Serve Strong: Biblical Encouragement to Sustain God's Servants

Terry Powell

Serve the Lord long enough and discouragement or some form of opposition is inevitable. Joy-sapping workloads, feelings of inadequacy, lack of fruitfulness, or battle fatigue from spiritual warfare often spurs God’s servants to quit or sabotages their passion. The purpose of this book is to infuse them with biblical perspectives that buoy flagging spirits, boost motivation, and cultivate endurance.


The Hidden Smile of God: The Fruit of Affliction in the Lives of John Bunyan, William Cowper, and David Brainerd

John Piper

John Piper invites you into the lives of John Bunyan, William Cowper, and David Brainerd to discover how God takes the privilege of faith and strengthens it with trials so that we experience a greater hunger for him. The perseverance of these godly servants exemplifies the essential fruit that affliction can produce in your own life.


When the Darkness Will Not Lift: Doing What We Can While We Wait for God–and Joy

John Piper

Even the most faithful, focused Christians can encounter periods of depression and spiritual darkness when joy seems to stay just out of reach. It can happen because of distressing circumstances, hereditary or other physical causes. John Piper aims to give some comfort and guidance to those experiencing spiritual darkness. Readers will gain insight into the physical side of depression and spiritual darkness and what it means to wait on the Lord in a time of darkness.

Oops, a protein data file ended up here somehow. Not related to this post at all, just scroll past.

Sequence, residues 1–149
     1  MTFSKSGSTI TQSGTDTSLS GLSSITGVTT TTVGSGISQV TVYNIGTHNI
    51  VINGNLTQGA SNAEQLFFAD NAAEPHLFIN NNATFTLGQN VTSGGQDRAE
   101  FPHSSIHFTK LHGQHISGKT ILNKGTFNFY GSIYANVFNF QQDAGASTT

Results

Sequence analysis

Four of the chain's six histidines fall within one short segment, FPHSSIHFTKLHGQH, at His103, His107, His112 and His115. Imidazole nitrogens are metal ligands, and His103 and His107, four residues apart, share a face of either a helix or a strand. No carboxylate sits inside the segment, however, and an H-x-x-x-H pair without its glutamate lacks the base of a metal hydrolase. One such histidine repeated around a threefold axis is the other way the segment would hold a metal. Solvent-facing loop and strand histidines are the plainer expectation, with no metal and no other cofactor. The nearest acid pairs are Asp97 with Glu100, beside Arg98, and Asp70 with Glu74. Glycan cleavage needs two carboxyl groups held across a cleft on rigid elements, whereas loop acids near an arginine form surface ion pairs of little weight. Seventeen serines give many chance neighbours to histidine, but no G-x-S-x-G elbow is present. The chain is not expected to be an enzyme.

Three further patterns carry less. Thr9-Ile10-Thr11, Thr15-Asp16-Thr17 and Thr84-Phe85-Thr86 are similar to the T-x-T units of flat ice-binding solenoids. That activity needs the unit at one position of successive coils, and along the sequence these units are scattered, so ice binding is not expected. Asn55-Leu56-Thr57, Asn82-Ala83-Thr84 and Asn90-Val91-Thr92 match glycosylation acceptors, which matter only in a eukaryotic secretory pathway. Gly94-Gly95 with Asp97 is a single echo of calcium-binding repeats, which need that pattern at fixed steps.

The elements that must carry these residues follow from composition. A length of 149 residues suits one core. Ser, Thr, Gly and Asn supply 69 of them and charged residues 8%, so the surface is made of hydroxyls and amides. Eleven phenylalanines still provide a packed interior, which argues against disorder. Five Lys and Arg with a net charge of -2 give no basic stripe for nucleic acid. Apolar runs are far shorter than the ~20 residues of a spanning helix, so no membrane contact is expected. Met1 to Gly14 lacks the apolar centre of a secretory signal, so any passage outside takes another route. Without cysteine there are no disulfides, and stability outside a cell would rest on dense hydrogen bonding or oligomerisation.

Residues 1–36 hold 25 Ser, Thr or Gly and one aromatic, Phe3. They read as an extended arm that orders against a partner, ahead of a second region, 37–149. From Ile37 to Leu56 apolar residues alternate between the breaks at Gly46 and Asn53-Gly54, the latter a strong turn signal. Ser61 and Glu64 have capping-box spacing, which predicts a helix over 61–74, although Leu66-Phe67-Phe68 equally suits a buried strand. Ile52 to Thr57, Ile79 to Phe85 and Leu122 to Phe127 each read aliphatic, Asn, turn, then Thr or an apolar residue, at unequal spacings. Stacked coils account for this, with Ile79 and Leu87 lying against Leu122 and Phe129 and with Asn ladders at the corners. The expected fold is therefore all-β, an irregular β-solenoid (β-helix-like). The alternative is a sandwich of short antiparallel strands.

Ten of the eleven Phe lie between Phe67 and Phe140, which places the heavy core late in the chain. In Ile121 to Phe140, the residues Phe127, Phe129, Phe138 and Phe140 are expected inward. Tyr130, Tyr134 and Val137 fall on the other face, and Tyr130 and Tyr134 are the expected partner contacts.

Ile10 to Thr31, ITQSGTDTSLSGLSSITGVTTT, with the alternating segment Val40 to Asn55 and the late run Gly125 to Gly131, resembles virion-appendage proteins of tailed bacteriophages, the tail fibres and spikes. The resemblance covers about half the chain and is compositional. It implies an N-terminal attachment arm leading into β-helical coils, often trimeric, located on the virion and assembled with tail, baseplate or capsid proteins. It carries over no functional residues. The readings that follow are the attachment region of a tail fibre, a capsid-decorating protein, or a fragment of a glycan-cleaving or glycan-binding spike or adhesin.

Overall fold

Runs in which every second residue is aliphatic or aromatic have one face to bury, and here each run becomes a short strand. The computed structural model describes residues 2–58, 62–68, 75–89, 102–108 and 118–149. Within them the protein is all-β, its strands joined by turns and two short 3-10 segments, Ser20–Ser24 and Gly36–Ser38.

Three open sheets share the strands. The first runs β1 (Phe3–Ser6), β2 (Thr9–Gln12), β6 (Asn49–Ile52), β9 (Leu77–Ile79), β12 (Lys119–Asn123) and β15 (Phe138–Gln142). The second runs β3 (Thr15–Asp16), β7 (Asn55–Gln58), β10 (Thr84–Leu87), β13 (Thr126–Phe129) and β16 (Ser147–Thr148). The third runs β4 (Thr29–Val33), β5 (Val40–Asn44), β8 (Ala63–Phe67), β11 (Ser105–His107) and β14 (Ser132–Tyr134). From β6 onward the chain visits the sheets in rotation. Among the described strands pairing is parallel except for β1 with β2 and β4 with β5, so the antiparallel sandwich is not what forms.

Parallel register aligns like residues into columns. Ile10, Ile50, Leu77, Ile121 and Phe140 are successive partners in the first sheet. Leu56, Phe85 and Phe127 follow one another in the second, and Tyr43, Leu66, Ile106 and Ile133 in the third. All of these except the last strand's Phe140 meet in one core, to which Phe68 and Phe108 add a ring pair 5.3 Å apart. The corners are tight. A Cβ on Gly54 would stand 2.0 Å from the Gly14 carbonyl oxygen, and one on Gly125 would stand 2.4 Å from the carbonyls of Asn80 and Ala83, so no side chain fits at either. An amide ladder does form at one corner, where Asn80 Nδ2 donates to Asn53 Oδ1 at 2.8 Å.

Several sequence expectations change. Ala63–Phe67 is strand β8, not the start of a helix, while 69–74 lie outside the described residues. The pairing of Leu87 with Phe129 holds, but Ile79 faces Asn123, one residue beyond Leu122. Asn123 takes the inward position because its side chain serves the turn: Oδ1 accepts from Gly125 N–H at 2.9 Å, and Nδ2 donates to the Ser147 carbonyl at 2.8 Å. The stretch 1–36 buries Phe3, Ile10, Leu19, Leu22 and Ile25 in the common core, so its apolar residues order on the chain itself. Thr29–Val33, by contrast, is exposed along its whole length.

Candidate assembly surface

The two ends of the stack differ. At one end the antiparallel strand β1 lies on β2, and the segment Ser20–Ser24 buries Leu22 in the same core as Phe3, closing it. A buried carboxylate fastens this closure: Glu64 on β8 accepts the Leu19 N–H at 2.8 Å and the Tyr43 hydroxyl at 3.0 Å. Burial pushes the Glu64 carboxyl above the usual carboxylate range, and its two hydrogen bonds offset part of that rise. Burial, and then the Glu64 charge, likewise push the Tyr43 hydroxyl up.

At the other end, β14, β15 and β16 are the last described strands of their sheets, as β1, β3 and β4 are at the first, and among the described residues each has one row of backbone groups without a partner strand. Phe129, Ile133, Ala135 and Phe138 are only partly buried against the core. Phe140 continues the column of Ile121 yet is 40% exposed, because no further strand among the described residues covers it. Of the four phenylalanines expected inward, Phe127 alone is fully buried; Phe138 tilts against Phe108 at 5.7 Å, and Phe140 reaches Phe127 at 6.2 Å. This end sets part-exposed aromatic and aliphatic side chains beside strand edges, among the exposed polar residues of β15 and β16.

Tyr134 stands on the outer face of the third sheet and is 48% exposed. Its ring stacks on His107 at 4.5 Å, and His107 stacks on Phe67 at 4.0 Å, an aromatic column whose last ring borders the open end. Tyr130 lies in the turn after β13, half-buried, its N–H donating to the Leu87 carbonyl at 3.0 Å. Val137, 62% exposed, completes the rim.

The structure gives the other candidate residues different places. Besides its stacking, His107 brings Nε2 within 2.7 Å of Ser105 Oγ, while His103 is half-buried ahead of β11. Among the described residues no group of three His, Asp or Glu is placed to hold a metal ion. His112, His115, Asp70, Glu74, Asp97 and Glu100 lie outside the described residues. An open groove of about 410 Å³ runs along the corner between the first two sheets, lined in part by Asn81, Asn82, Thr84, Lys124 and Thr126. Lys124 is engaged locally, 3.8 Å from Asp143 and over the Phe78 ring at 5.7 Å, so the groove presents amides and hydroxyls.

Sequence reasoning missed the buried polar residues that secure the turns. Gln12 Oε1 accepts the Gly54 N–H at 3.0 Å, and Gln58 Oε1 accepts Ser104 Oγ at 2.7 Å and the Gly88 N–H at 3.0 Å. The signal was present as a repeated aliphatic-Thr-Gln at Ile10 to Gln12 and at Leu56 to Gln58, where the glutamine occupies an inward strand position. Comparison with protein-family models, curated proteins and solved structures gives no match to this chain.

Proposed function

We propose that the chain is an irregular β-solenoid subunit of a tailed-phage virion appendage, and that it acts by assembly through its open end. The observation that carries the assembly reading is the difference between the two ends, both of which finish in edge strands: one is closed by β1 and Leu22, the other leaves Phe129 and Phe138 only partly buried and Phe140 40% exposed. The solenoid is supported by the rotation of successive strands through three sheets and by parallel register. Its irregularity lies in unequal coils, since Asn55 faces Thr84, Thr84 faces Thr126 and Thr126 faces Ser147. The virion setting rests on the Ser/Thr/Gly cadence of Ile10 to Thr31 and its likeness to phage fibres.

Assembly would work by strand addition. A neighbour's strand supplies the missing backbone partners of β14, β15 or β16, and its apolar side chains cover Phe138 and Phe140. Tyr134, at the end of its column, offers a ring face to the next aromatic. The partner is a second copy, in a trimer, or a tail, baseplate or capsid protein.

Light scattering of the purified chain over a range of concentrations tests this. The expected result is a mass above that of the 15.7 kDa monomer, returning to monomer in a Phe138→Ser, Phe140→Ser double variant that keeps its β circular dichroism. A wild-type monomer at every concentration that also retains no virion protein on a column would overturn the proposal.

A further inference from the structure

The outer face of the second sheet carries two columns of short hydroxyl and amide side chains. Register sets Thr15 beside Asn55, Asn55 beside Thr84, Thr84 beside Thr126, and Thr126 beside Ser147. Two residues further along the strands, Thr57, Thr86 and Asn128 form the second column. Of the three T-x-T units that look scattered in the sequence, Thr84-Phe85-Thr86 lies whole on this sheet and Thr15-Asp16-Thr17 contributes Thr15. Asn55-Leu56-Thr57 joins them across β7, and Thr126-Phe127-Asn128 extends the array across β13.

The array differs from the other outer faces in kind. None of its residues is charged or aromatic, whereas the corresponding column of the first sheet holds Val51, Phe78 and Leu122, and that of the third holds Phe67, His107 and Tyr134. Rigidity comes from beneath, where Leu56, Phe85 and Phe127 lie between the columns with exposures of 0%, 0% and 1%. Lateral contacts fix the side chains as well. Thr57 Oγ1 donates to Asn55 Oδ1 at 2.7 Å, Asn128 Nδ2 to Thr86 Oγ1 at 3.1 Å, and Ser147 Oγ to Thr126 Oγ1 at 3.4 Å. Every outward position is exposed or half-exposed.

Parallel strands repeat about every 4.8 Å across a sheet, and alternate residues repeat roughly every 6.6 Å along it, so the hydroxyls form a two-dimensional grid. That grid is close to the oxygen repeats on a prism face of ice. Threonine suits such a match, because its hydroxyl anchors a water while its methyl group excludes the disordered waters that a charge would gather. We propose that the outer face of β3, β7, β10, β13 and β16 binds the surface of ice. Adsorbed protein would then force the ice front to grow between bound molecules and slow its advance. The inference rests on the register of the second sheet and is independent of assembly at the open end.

Mental Illness


Too often, stigma, isolation, loneliness and shame follow a diagnosis of mental illness. Not here. Here we offer resources for mental health steeped in love and grounded in faith. Here you are among friends, welcome just as you are. Here we offer resources steeped in love and grounded in faith. Here you are among friends, welcome just as you are.


Depression Fact


The art of letter writing can be a vital, life-giving ministry of hope to those who are hurting, grieving, recovering, homebound, lonely, ill, depressed, or isolated. While life-giving to the receiver, letter writing is also life-nourishing to the writer.

Looking for thoughtful and encouraging ways to put #PenToPaper in action? Or perhaps a gift to inspire others to begin writing notes? Choose from these beautiful notecard collections.Choose from these beautiful notecard collections.

Every purchase made at the Chronic Joy Store helps to support our mission and ministry to sow the life-giving seeds of hope, purpose, worth, and joyone precious life at a time.

Pin It on Pinterest

Share This

Share with your friends!